Wednesday, January 1, 2014

RECASTAWAYS - FROM HARTNELL'S DOCTOR TO TROUGHTON'S



For the Original Incarnation of the Doctor to have met the donor of his future DNA, we'd have to look at other TV characters played by Patrick Troughton.

And shozbot!  There are a lot of them!


Not all of these would be candidates for the human encountered by the First Doctor.  For example, that last one is of Mortimer Tregennis, a character from "The Devil's Foot".  It's the account of one of Sherlock Holmes' cases while he was vacationing in Cornwall (not far from Portwenn), which was recounted by Dr. Watson and presented by his agent, Sir Arthur Conan Doyle.


While this murder mystery did take place, this particular version of it occurred in an alternate TV dimension, where Holmes looked like Douglas Wilmer and not Jeremy Brett.

As far as a likely candidate for a Troughton character, I figured it best to focus on one who might have a better chance at meeting the First Doctor.

And that's why I settled on Nasca, the Aztec high priest from 'The Feathered Serpent'.


From Wikipedia:
'The Feathered Serpent' is a British children's television series. Set in Aztec Mexico and starring former 'Doctor Who' Patrick Troughton as the scheming High Priest Nasca.  Two series were made for ITV by Thames Television and transmitted in 1976 and 1978.

In my readings about this series, I can't find anything definite as to the exact point in History when it took place.  So I don't know whether it happened before the Doctor's arrival in 1450 AD.  (The date is conjecture from "The Doctor Who Chronology", but the site-master's reasoning is sound for that choice.)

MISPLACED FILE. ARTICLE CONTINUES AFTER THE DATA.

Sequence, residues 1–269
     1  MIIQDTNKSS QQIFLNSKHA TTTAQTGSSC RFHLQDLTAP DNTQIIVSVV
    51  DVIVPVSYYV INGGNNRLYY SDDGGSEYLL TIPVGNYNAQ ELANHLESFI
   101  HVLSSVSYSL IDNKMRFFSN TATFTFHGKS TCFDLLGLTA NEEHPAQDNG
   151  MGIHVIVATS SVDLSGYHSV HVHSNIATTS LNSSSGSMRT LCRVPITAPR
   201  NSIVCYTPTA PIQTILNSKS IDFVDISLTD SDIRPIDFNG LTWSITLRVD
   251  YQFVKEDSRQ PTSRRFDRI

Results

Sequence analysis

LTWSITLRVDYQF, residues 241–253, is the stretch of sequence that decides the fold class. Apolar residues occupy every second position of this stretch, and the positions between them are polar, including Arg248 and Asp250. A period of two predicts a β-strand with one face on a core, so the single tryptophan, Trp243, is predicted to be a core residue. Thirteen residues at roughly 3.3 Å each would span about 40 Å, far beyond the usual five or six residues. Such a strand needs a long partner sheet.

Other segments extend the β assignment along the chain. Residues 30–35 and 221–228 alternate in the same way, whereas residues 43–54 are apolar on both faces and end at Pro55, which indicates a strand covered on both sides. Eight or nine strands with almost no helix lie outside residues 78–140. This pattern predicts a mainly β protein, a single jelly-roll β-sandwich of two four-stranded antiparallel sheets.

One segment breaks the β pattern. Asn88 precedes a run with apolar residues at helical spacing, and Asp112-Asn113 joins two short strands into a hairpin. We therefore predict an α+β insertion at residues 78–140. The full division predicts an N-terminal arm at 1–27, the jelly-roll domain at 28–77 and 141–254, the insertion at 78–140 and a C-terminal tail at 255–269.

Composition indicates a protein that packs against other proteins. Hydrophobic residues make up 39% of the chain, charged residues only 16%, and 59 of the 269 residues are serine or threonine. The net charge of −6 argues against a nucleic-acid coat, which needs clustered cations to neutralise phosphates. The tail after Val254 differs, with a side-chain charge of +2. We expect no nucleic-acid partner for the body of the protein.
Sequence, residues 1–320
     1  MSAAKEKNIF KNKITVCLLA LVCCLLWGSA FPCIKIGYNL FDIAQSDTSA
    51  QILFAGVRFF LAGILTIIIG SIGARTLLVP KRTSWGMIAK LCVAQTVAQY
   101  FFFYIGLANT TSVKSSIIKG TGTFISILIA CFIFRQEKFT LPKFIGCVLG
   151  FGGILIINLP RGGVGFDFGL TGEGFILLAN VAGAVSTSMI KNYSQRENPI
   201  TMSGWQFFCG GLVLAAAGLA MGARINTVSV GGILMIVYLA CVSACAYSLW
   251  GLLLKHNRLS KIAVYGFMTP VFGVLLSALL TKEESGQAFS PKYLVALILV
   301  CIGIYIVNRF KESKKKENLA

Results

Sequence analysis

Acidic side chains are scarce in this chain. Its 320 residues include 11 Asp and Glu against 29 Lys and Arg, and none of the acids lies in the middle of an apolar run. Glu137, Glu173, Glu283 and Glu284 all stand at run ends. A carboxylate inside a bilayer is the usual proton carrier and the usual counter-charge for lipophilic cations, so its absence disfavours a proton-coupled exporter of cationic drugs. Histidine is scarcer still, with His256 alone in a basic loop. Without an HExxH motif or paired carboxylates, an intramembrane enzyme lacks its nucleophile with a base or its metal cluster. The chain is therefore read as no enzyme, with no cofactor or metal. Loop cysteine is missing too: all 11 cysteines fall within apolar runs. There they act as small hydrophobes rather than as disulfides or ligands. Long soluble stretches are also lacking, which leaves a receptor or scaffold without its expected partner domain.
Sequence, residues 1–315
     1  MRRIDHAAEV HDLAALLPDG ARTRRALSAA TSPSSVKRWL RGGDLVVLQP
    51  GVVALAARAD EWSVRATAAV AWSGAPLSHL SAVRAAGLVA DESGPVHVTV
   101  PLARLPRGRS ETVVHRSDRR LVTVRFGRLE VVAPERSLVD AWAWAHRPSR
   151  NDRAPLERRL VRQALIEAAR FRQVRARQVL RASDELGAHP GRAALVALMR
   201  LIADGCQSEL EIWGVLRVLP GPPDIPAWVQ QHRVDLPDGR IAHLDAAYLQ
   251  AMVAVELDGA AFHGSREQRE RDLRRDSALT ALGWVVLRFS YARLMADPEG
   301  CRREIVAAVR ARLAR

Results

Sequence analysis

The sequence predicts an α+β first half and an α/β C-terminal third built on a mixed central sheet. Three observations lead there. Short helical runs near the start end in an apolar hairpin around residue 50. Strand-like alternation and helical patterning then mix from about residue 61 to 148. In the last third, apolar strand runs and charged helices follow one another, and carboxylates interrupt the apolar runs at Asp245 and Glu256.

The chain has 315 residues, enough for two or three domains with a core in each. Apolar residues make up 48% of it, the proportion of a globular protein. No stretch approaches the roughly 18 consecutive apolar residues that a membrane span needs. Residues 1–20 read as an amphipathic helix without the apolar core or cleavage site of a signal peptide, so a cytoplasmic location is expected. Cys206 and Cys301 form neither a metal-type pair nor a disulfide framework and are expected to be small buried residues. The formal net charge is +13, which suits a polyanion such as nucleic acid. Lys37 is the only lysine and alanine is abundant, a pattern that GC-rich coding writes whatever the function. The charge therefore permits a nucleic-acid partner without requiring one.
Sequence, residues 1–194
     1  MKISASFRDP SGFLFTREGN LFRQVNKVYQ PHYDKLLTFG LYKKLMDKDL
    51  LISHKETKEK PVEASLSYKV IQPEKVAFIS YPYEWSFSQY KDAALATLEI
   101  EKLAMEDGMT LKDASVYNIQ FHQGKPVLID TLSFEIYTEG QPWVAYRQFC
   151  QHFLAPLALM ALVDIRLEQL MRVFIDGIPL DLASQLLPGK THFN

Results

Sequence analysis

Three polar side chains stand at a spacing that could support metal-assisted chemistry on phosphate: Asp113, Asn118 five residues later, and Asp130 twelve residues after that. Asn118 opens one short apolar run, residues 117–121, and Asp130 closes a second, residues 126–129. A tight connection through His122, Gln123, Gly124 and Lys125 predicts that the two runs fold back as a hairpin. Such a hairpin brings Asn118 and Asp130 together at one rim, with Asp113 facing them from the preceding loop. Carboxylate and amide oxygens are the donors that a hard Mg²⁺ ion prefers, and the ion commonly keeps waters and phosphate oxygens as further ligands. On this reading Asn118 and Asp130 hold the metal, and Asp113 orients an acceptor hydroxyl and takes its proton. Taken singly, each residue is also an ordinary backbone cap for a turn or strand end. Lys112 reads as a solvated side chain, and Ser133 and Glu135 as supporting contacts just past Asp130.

However, in the series the Toltecs are basically wiped out by the end of Season One, and that would have happened about two to three hundred years before the events of "The Aztecs".

But, as we all should know by now, Life continues off screen.  Just because we in the Trueniverse don't see it happening that doesn't mean it didn't happen.  (Known as The Khan-Chekov Encounter.)


When the Doctor and his Companions materialized in an Aztec temple. the Doctor met and inadvertantly married a woman named Cameca.  By the end of the adventure, Cameca knew that she could not go with the man she had come to love, but hoped that he would always remember her.

It's assumed that he would, since he decided to take her token of love with him when the TARDIS departed that time.

So what if, in some untelevised adventure, the Doctor decided to go back and visit her?  We know the Doctor had no compunction about loving humans in a carnal way in his later incarnations, so why couldn't the original bad boy get a bit of Terran nookie as well?

But as we all know, the TARDIS is very unreliable when it comes to delivering the Doctor to the time and place he wanted.  For example, the Tenth Incarnation of the Doctor thought he and Rose were going to see Elvis at the Ed Sullivan theater in New York.  Instead, they ended up in London in 1953, in time for the Queen's coronation.  (And thankfully so, since they were able to defeat The Wire.)

So the TARDIS takes the Doctor to where he needs to be, not where he wants to be.  And that's probably what happened in this case.  Whereas the Doctor wanted to return to his "wife" Cameca at some point after his first visit in 1450, it's likely the TARDIS brought him to an earlier point in the Aztec Empire when the Totlecs were in decline. 


And that's how the First Doctor could have met Nasca, the murderous high priest, and absorbed his DNA for future use.

Nasca has to be one of the most evil characters played by Patrick Troughton, and that's saying something since he played some right rotters in his time.


But the qualities of a man's character would not be a factor in the absorption of his DNA by a Time Lord's biological imperative.  It was the physical aspects that were of concern.  And somehow, the Doctor's bio-system knew that the strength exuded by Nasca would be of importance.

And it proved to be true, since the Second Incarnation of the Doctor had personality quirks that made him a bit timid and trepidatious.  He would need all the strength he could summon.......


And perhaps some of Nasca's tastes rubbed off on the Doctor.  He certainly had a flair with that disguise he wore in "The Underwater Menace"!


This is all conjecture, of course.....

BCnU!

(My thanks to the "Oh, My Giddy Aunt" Tumblr blog for the animated gifs.)



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